MedicalResearch.com Interview with:
Prof Stephen Duffy BSc MSc CStat
Professor Of Cancer Screening
Wolfson Institute Of Preventive Medicine
Queen Mary University of London
Medical Research: What is the background for this study? What are the main findings?
Prof. Duffy: There is debate on the value of diagnosing and treating ductal carcinoma in situ (DCIS) of the breast, depending mainly on different theories about the risk of progression to invasive breast cancer if DCIS were untreated. No-one asserts that no DCIS is progressive and no-one asserts that all DCIS is progressive. There is, however, a range of opinions on the proportion of progressive disease.
We found that those mammography screening units in the UK with higher detection rates of DCIS had lower subsequent rates of invasive cancers in the three years after screening.
Medical Research: What should clinicians and patients take away from your report?
Prof. Duffy: This is another piece in the jigsaw puzzle about progression of DCIS. It adds to the findings of two randomised screening trials that diagnosis of DCIS is accompanied by reduced future incidence of invasive breast cancer and of one trial of treatment of DCIS which found that in DCIS patients treated with complete local excision alone, 30% had a subsequent breast event in the ten years following.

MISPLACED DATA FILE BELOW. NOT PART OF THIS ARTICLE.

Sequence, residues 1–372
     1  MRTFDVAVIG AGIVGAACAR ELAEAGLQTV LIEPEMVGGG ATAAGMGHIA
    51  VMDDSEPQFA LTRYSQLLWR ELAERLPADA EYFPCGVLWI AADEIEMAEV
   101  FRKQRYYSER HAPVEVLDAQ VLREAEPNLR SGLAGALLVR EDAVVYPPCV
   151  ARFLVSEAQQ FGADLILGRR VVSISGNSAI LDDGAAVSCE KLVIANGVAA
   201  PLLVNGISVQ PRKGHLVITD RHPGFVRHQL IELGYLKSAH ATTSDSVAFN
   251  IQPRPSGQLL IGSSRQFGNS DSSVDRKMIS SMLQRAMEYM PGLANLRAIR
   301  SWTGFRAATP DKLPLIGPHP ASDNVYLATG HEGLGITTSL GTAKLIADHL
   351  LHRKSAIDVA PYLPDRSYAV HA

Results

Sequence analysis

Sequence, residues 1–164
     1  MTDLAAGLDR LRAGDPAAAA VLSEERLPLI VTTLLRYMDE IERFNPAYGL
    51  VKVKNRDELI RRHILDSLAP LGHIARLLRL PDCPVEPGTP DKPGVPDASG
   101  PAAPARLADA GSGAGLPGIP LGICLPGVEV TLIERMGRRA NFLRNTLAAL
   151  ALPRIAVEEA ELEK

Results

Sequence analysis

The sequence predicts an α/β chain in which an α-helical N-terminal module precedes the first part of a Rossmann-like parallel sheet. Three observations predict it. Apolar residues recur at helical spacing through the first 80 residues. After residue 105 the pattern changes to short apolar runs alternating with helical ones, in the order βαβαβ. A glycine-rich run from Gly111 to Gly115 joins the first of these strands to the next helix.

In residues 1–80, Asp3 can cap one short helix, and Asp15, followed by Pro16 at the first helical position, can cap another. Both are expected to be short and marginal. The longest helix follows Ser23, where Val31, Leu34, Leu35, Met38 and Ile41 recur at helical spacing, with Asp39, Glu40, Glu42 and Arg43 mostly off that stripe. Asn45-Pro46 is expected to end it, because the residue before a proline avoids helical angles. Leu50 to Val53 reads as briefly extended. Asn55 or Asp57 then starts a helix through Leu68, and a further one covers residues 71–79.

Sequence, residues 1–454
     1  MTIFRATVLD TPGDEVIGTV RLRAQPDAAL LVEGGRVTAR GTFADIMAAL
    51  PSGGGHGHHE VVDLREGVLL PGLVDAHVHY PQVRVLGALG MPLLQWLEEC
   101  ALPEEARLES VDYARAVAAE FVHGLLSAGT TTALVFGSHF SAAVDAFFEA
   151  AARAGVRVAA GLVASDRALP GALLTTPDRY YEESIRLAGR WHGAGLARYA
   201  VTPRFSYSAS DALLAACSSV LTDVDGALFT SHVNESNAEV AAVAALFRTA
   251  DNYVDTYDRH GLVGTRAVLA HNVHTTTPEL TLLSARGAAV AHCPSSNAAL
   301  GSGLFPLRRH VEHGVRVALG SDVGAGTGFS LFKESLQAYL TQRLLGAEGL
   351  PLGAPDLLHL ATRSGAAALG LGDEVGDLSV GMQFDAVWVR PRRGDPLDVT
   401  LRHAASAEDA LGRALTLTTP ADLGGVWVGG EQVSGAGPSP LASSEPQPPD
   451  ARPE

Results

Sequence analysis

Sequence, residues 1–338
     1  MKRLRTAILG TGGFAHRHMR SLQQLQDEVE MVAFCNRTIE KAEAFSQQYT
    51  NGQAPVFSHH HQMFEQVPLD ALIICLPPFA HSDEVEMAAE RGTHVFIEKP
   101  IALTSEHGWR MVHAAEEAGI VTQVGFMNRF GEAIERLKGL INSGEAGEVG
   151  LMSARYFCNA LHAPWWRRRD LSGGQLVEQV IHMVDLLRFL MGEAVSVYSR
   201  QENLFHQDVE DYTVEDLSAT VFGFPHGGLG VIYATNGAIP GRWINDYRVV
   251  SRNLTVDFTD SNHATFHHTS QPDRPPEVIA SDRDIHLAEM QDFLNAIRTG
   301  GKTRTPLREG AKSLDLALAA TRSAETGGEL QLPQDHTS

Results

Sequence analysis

This provides further evidence from a service screening programme that diagnosis and treatment of DCIS prevents the occurrence of invasive disease in the future in a substantial number of cases.
Medical Research: What recommendations do you have for future research as a result of this study?
Prof. Duffy: Future research should identify better stratification of cancers with respect to their progressive and aggressive potential. This should be accompanied by the development of light touch treatment and management protocols for ‘minimal’ breast cancer. In the developed world now, large numbers of very early breast cancers are diagnosed and we need to avoid overtreating these.
Prof Stephen Duffy BSc MSc CStat (2015). Screening and Treatment of DCIS Reduces Number of Invasive Breast Cancers